Taking Down the Scammers: A Timeline

Here is a look at the steps taken to shut down fake product scammers.

Last month, the Federal Trade Commission found a group of online marketers guilty of promoting fake dietary supplement and skincare ads after they sold over 40 health and beauty products using false health claims, made-up testimonials, fake ‘free trials’, made up websites like “goodhousekeepingtoday.com” and “womenshealthi.com,” and the use of celebrity images, including Dr. Oz, Paula Deen, Jennifer Aniston and many others, without their permission.

With the help of Oprah, Dr. Oz has been fighting the spread of fake ads for years now. Take a look at the timeline of events that led the FTC to crack down on those responsible. 


2009 

Dr. Oz and Oprah file a civil suit against merchants using their likeness to sell and promote acai berry.

2012

The Dr. Oz Show launches Oz Watch and dedicates an entire show in a fight to reclaim his name (you can watch it here).

2013

The “It’s Not Me” campaign launches to warn viewers about these scams.

2014

The Dr. Oz Takes Down the Scammers show airs, where Dr. Oz goes face-to-face with the scammers using his name to fool consumers.

2017

FTC passes a judgment of $179 million (the amount consumers paid due to false marketing) and will force Richard Fowler, Ryan Fowler, and Nathan Martinez (three men behind this scam), to pay $6.4 million to the Commission. These men run 19 companies, all under the umbrella known as Tarr, Inc.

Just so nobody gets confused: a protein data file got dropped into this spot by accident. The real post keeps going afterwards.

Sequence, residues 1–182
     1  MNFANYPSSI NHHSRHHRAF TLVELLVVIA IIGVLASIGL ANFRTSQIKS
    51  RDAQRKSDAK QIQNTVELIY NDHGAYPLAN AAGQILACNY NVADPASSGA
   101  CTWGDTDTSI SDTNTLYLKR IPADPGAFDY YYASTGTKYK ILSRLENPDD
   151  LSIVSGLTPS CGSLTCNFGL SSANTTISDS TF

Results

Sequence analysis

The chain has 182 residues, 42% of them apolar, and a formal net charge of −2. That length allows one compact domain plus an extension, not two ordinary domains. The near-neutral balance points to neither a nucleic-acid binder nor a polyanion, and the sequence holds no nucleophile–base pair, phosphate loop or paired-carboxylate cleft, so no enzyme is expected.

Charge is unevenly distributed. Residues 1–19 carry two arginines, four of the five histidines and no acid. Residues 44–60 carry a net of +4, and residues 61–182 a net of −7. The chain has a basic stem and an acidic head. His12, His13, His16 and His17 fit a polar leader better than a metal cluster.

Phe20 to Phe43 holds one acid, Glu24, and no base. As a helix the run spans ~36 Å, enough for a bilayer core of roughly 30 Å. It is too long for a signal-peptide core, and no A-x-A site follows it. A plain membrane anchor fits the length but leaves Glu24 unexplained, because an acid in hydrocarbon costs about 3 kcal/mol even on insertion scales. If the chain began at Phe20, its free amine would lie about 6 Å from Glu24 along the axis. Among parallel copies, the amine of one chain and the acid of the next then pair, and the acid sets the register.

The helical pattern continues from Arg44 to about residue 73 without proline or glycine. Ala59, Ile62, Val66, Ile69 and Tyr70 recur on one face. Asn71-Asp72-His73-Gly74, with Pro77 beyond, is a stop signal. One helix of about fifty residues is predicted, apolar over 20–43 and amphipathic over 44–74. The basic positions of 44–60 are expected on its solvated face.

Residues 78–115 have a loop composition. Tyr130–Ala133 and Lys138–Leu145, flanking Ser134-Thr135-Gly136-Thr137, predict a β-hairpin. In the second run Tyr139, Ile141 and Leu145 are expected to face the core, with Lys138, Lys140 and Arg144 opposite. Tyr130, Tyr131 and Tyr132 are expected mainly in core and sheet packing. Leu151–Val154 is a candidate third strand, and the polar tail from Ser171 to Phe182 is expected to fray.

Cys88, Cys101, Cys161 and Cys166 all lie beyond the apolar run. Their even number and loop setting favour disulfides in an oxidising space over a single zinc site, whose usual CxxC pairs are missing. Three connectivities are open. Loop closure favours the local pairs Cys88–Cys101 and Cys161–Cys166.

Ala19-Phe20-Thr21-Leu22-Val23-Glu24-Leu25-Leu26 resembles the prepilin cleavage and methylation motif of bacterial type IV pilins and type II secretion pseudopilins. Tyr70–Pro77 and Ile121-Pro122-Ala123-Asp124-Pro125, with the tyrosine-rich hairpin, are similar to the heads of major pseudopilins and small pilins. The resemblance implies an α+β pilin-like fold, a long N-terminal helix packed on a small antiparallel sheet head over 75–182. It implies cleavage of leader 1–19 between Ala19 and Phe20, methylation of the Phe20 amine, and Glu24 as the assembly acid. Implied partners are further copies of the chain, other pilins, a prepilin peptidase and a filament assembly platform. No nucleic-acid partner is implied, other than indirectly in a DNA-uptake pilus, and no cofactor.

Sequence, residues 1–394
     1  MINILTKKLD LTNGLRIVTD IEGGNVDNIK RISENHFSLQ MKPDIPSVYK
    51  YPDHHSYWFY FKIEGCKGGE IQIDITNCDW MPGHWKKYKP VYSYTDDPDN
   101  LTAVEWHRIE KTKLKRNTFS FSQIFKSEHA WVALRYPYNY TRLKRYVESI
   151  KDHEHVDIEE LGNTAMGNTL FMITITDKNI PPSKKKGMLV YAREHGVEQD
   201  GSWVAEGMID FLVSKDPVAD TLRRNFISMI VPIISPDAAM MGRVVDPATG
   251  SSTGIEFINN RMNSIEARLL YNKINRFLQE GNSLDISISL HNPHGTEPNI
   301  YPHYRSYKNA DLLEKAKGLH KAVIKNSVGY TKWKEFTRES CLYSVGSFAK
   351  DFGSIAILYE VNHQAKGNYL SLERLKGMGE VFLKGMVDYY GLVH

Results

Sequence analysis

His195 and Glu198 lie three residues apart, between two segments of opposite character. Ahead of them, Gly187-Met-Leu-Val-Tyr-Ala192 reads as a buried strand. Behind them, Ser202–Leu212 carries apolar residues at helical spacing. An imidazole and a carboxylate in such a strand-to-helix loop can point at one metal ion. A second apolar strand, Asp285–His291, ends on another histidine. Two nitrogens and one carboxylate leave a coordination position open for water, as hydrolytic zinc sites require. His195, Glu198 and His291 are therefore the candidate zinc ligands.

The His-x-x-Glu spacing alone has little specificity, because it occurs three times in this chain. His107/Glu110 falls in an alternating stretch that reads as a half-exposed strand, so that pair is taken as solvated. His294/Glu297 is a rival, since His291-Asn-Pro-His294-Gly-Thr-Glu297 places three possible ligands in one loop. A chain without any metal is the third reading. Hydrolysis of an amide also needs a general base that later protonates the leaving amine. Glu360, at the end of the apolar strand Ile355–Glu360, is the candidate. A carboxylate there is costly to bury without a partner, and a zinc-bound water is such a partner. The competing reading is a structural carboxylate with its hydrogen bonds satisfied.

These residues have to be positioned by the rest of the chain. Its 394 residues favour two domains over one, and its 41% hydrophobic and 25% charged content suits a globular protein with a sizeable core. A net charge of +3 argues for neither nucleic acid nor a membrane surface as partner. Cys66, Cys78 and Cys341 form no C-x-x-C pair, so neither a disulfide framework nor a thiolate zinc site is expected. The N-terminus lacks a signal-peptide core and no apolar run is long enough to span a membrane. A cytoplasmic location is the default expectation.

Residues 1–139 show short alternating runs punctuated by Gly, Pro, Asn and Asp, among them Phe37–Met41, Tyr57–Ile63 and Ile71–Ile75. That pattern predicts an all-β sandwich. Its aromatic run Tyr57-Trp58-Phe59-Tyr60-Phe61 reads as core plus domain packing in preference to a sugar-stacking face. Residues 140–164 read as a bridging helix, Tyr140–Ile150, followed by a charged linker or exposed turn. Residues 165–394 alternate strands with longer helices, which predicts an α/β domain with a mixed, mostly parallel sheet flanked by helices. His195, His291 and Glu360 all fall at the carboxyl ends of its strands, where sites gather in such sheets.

If you would like to learn more about this crackdown, read the full FTC press release here. To learn how to spot fake news, check out these helpful tips here.

How to Safely Make Lifestyle Changes With Type 2 Diabetes

Gain control of your disease while still protecting your heart

If you're overweight or obese and have type 2 diabetes, a new study reveals how to make lifestyle changes that will help you safely gain control of your disease and still protect your heart.

Researchers published a study in Diabetes Care that took a second — and more in-depth — look at data from the NIH's Look AHEAD study. They found that for 85% of people in that study, lifestyle interventions that triggered weight loss and increased physical activity reduced potential cardiovascular problems. Such lifestyle interventions also help reduce the risks for diabetes, dementia and some cancers and strengthen the immune system.

Keep Reading Show less